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Re: Safe eval of insecure strings containing Python data structures?

P: n/a
On Thu, Oct 9, 2008 at 2:26 PM, Warren DeLano <wa****@delsci.comwrote:
JSON rocks! Thanks everyone.
Yes it does :)
Ben wrote:
>>More generally, you should never execute (via eval, exec, or whatever)
*any* instruction from an untrusted path; especially not arbitrary
data from an input stream.
I second this.
Wow, for the record, I completely disagree with this point of view:
Today's web apps wouldn't exist without safe forms of untrusted eval/exec
(Javascript anyone?). Such dogma is appropriate when dealing with the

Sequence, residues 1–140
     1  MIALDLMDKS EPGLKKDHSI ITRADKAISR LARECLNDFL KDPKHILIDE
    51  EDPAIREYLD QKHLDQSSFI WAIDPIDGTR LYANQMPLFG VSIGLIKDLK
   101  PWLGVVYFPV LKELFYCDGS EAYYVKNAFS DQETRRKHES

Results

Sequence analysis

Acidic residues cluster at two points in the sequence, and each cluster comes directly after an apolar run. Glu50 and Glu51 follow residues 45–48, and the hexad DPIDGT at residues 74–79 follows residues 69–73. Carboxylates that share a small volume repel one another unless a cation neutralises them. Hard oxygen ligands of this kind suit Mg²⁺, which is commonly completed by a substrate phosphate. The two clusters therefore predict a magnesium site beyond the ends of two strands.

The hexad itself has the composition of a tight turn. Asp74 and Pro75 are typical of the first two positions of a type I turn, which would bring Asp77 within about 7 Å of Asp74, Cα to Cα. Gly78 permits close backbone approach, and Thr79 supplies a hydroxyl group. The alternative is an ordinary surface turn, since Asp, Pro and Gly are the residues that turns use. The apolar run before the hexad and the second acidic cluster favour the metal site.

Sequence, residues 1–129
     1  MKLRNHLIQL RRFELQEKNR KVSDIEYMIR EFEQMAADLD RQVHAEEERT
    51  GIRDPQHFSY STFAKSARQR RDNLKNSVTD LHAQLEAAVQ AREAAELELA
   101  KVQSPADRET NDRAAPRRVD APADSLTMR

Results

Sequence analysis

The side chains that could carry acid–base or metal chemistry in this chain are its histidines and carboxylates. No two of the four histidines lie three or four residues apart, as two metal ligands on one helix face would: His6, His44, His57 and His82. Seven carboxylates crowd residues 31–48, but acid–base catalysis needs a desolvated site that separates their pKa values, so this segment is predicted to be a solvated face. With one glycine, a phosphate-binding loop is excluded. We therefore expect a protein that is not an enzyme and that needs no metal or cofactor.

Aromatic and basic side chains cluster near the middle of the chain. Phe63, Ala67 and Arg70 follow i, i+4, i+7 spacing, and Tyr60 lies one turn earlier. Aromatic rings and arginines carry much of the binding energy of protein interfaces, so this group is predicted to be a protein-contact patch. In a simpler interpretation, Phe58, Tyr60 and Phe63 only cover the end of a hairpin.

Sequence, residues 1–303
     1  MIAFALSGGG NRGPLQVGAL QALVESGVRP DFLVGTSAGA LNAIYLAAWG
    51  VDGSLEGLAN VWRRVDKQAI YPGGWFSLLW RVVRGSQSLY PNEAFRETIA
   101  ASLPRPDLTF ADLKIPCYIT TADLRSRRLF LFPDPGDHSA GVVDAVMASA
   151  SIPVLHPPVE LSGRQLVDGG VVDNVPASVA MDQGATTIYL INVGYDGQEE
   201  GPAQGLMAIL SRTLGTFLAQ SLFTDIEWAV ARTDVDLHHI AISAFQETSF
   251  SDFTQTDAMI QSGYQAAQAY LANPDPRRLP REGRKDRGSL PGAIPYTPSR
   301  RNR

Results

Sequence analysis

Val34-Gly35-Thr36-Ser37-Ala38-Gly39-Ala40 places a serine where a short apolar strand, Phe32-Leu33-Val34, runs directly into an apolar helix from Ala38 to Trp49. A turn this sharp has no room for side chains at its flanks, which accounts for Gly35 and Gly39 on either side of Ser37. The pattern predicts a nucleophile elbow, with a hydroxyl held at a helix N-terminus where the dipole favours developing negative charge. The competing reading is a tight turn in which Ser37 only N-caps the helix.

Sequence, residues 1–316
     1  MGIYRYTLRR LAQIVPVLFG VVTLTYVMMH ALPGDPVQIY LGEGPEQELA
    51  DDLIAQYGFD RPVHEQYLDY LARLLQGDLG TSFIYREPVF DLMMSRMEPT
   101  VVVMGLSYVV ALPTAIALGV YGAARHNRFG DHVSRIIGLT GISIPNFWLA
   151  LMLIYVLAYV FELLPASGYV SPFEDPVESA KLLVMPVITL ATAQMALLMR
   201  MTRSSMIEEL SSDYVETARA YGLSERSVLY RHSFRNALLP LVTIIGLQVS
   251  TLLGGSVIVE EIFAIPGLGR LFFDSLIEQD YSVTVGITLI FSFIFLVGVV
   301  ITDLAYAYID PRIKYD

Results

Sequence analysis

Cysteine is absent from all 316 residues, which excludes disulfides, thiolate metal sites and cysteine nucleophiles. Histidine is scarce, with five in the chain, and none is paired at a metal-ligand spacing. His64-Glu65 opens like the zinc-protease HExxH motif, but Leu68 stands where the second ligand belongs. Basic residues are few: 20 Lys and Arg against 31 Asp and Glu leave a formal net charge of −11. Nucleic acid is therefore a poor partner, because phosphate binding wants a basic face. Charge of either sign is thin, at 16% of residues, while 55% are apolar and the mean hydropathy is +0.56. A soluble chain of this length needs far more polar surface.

CPython VM, but not as a general principle.
It's far better to use Data Structures
rather than Programming Constructs
to represent and transmit your data.
"Rocket fuel may be dangerous, but you ain't shooting the moon without it!"
Do we trust fuel from untrusted sources ?

cheers
James

--
--
-- "Problems are solved by method"
Oct 9 '08 #1
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3 Replies


P: n/a
On Oct 9, 4:32 am, "James Mills" <prolo...@shortcircuit.net.auwrote:
On Thu, Oct 9, 2008 at 2:26 PM, Warren DeLano <war...@delsci.comwrote:
JSON rocks! Thanks everyone.

Yes it does :)
Ben wrote:
>More generally, you should never execute (via eval, exec, or whatever)
*any* instruction from an untrusted path; especially not arbitrary
data from an input stream.

rubbish. this is why a project i was involved with, to do execution
of code from a database instead of a filesystem had to be abandoned,
back in 2001.

there are perfectly good systems for associating security context